On day 22 of Hawaii hotel strike, union says negotiations are progressing
The ruckus is ruining the vacation for some, but not all.
WAIKIKI (HawaiiNewsNow) - Monday marks the 22nd day of the hotel workers strike in Waikiki and Maui.
The union said negotiations held over the weekend led to some agreements, including on issues that involved banquets, restaurants, bars, bell and valet services.
Union representatives said they also had a “breakthrough” in discussions about subcontracting, but they’re still negotiating issues like housekeeping and automation.
Talks are expected to continue Monday and Tuesday.
Since the strike began on Oct. 8, workers have stood their ground on the picket lines demanding better wages and benefits — and the picketers are making sure their message is heard loud and clear.
“Of course there are people who are irritated by the noise, but there are also a lot of people that support us,” Jason Murai said.
From gas cans to laundry detergent bottles and drums, picketers are causing a noisy commotion for their cause.
“If they have a complaint about noise, they can complain to the company because if they would just settle our contract we wouldn’t be out here,” Murai said.
Some visitors didn’t see the need for the noise, saying the ruckus has ruined their vacation.
“Do we have to listen to this. Our rooms not cleaned. Do we have to wait for a towel or you don’t get a towel... that’s not a holiday,” visitor Kayem Bronwyn said.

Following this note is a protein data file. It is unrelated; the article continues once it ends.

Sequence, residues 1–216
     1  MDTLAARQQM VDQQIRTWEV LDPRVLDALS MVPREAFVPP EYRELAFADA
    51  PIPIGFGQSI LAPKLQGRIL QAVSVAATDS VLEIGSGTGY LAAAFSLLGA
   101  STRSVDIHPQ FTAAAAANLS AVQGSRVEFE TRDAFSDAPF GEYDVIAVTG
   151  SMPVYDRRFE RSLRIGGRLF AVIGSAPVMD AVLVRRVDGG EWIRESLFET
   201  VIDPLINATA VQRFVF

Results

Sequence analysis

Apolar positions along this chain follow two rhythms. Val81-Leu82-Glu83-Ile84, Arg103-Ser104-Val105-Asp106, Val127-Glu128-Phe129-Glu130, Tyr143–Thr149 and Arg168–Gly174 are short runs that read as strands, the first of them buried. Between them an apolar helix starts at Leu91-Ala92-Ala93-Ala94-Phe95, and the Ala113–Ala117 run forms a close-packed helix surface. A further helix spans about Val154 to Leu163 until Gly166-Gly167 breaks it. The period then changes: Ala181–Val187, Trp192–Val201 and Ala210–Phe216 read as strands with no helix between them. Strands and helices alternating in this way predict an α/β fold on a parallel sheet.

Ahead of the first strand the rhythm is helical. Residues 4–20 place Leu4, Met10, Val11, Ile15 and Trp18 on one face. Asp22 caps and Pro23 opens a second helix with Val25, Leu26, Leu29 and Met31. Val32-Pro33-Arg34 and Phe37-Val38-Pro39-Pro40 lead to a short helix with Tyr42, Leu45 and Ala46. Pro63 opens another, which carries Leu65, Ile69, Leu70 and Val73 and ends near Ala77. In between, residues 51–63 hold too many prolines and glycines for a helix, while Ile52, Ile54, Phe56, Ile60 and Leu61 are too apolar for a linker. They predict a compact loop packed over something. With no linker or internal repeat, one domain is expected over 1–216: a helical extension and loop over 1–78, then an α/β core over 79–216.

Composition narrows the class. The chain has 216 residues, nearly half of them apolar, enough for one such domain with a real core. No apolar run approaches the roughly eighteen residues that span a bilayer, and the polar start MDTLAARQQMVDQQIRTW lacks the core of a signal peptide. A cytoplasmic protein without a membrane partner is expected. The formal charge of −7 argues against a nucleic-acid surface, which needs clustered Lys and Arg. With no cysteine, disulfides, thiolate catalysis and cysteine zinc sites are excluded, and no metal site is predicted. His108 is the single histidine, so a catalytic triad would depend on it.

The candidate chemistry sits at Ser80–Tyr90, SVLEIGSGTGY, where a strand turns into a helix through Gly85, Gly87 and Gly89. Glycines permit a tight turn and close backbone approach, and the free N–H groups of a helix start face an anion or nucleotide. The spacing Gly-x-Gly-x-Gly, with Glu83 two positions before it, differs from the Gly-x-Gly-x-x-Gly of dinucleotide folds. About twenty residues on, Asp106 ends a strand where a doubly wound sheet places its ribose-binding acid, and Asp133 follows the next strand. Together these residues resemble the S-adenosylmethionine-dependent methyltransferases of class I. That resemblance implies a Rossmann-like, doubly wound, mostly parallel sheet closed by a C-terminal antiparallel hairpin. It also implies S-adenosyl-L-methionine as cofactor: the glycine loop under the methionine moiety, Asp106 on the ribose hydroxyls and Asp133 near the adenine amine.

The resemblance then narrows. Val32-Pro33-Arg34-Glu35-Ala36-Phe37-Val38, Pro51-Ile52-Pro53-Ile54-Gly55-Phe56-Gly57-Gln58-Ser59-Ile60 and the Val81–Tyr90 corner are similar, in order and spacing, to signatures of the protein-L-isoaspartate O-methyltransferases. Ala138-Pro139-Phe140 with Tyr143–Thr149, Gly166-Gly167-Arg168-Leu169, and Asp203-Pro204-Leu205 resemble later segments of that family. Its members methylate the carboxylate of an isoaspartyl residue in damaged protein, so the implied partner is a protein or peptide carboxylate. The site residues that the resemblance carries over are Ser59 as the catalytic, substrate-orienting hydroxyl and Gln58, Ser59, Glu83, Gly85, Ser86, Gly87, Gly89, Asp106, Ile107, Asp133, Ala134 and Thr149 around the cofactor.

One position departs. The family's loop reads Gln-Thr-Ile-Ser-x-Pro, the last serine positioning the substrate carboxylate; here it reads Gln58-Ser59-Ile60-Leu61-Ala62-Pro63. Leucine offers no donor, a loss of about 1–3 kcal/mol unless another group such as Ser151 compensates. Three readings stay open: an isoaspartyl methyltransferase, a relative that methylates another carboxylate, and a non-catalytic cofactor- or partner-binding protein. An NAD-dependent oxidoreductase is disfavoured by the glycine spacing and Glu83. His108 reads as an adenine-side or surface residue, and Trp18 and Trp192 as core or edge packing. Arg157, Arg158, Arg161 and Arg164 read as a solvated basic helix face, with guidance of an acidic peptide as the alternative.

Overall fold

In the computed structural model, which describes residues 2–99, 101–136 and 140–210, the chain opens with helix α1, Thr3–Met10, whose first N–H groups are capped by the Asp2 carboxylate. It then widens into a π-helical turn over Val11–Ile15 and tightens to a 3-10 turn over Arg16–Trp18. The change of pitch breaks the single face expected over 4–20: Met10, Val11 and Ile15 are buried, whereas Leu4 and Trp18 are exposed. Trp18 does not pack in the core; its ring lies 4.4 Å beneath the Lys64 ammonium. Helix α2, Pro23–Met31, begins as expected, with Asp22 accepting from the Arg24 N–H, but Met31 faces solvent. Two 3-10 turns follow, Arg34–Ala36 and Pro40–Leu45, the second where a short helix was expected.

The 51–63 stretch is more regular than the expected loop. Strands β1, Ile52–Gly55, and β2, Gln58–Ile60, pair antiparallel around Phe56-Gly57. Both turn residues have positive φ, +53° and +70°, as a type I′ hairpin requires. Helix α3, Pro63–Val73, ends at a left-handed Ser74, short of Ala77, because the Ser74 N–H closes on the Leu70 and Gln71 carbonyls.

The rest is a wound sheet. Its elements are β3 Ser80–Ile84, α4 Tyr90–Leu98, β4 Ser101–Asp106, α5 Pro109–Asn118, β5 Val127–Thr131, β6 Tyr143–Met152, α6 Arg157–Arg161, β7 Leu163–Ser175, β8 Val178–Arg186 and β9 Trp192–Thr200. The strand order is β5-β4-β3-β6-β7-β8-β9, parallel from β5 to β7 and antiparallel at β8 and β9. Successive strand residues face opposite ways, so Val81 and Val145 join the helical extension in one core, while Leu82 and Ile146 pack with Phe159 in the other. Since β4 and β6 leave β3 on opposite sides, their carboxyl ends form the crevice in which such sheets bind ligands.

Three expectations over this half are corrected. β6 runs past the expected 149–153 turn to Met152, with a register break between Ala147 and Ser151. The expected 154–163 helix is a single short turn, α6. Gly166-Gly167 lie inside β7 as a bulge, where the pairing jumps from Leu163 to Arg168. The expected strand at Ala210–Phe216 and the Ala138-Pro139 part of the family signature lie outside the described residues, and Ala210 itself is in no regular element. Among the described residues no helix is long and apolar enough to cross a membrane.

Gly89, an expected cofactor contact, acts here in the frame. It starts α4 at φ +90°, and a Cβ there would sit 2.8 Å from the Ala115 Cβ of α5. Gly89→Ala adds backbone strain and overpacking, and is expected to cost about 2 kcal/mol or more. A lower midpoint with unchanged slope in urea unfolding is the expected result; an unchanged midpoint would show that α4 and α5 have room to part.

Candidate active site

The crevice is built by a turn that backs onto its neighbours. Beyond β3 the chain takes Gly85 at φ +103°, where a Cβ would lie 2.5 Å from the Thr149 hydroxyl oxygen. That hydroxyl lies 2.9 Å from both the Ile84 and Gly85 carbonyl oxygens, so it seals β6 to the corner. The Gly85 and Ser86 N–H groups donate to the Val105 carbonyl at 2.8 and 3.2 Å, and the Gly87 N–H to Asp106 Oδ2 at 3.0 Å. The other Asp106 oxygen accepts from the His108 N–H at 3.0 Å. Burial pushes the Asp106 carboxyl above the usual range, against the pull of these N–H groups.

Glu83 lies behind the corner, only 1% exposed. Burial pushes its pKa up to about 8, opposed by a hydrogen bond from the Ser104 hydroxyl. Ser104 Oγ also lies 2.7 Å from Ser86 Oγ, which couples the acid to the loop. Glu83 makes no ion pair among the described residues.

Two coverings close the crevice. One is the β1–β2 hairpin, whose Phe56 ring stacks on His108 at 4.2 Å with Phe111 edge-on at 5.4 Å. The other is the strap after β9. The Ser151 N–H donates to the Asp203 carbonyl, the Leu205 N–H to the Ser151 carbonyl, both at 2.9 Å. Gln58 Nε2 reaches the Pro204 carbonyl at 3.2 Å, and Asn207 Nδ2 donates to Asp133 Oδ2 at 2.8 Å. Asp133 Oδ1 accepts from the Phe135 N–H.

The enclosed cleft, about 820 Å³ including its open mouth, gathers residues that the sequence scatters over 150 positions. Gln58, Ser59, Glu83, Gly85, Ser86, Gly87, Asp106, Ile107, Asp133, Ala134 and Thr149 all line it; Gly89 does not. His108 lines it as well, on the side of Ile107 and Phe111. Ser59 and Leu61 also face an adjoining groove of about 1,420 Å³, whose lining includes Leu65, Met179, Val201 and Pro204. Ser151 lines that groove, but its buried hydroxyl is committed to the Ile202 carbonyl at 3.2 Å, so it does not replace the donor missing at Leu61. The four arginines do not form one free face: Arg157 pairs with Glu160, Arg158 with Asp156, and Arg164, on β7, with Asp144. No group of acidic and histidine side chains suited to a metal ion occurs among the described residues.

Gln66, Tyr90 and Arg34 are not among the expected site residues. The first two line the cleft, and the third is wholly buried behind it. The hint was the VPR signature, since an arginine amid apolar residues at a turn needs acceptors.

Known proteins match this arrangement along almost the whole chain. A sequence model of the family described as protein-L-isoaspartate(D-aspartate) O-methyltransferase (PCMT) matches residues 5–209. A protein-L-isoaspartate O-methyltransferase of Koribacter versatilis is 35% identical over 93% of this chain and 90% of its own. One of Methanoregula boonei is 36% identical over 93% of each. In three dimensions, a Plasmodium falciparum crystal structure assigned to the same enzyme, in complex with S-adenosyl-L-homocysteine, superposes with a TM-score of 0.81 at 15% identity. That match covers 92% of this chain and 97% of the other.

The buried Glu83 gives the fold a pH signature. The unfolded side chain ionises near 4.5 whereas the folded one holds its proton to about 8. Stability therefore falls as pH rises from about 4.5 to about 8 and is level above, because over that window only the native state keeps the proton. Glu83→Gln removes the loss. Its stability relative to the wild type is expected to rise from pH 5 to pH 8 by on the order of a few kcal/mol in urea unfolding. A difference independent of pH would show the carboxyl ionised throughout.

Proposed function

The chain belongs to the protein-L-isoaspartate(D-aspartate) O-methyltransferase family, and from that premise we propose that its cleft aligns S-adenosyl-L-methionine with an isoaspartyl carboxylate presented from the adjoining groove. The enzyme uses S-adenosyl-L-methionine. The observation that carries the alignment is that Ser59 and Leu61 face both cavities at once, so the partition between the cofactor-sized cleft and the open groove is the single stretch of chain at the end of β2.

Others are more understanding.
“I mean it is really loud, right? and our rooms weren’t cleaned but at the end of the day, I understand what they are going through and I understand that their problems are bigger than my vacation," Linda Ereikad said.
The workers' union, UNITE Here Local 5, says it’s working closely with HPD to follow city noise ordinances.
The union represents the roughly 2,700 workers on strike from the five Kyo-ya operated hotels.
Workers are demanding an increase in hourly wage by $3 while Kyo-ya is offering 70 cents more.
Workers are also wanting an increase of job security in light of fears that automated hotel services will lead to the reduction of positions needed.
So far, there has been no indication that either side will back down.
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